World War I (1914–1918), the first global conflict, shifted the paradigm of war. With millions of casualties across the continents, the Great War ended empires and overturned the collective understanding of the limits of human potential for violence. The centenary of the war’s conclusion in November 2018 offers a moment to commemorate the sacrifice and suffering of those who experienced it.
Among those who were profoundly affected by the war were artists. Through the medium of print, they conveyed the horrors of the new mechanized warfare, the razing of cities, and the annihilation of landscapes. This exhibition highlights some of the most devastating and poignant images of that period, from those who served and those who remained on the home front. Some printmakers were already established at the start of the war, while others achieved recognition through their innovative visual approaches to a gruesome subject. All of the artists represented sought to express the acute anguish prompted by the four years of intense conflict.
Featured artists include Cyril Barraud, Muirhead Bone, Kerr Eby, William Lee Hankey, Martin Hardie, Gertrude Hermes, James McBey, Paul Nash, Christopher Richard Wynne Nevinson, and Percy John Delf Smith.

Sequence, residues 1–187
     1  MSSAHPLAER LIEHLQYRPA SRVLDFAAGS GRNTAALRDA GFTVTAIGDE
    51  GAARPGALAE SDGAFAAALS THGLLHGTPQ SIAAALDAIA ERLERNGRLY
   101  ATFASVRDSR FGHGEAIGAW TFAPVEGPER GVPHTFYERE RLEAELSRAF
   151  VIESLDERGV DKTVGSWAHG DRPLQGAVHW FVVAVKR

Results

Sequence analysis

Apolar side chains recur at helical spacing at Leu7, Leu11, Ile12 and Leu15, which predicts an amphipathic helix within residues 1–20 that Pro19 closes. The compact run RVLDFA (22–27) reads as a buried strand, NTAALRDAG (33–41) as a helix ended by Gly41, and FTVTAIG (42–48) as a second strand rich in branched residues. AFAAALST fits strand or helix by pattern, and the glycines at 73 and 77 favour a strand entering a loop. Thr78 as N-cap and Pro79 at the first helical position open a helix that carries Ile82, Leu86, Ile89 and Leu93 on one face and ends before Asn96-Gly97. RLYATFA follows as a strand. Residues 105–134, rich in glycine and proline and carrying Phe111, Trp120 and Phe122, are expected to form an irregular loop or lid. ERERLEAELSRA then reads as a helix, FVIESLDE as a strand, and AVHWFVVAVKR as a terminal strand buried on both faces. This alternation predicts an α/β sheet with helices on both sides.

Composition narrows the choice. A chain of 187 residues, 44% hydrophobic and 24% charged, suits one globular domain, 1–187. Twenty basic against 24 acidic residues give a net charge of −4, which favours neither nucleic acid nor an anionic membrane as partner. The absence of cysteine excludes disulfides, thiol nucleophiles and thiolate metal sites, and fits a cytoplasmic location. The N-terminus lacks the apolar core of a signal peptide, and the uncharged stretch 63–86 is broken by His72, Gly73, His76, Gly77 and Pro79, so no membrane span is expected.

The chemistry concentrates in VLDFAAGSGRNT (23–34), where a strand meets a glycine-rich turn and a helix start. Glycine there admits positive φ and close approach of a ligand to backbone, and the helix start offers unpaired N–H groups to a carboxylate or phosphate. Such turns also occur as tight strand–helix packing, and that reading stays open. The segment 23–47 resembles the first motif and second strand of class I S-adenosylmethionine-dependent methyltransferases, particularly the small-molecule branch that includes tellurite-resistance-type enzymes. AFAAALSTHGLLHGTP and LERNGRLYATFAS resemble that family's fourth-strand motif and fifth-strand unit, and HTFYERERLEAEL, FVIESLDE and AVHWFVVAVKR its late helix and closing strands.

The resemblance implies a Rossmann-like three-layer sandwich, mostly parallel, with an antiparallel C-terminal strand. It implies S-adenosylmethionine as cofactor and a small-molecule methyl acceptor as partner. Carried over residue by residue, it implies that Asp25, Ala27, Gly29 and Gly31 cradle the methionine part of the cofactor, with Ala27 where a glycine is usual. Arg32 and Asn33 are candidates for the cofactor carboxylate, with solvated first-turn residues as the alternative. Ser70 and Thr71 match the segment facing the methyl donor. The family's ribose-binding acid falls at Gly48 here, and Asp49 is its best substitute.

This exhibition is made possible through the support of the George Taylor Richardson Memorial Fund, Queen’s University.
You can download the brochure or pick up a copy in the gallery while supplies last.
Paul Nash, Rain: Zillebeke Lake, 1918, lithograph on paper. Gift of Simon and Caroline Davis, 2018 (61-002.01). Photo: Bernard Clark
Gertrude Hermes, Explosion (High Explosion), 1928, wood engraving on paper. Gift of Simon and Caroline Davis, 2017 (60-014.02). Photo: Bernard Clark
James McBey, The Sussex, 1916, etching on paper. Gift of Simon and Caroline Davis, 2017 (60-014.03). Photo: Bernard Clark
Percy John Delf Smith, Death Marches (1914-1918), 1919, etching on paper. Gift of Simon and Caroline Davis, 2017 (60-014.05). Photo: Bernard Clark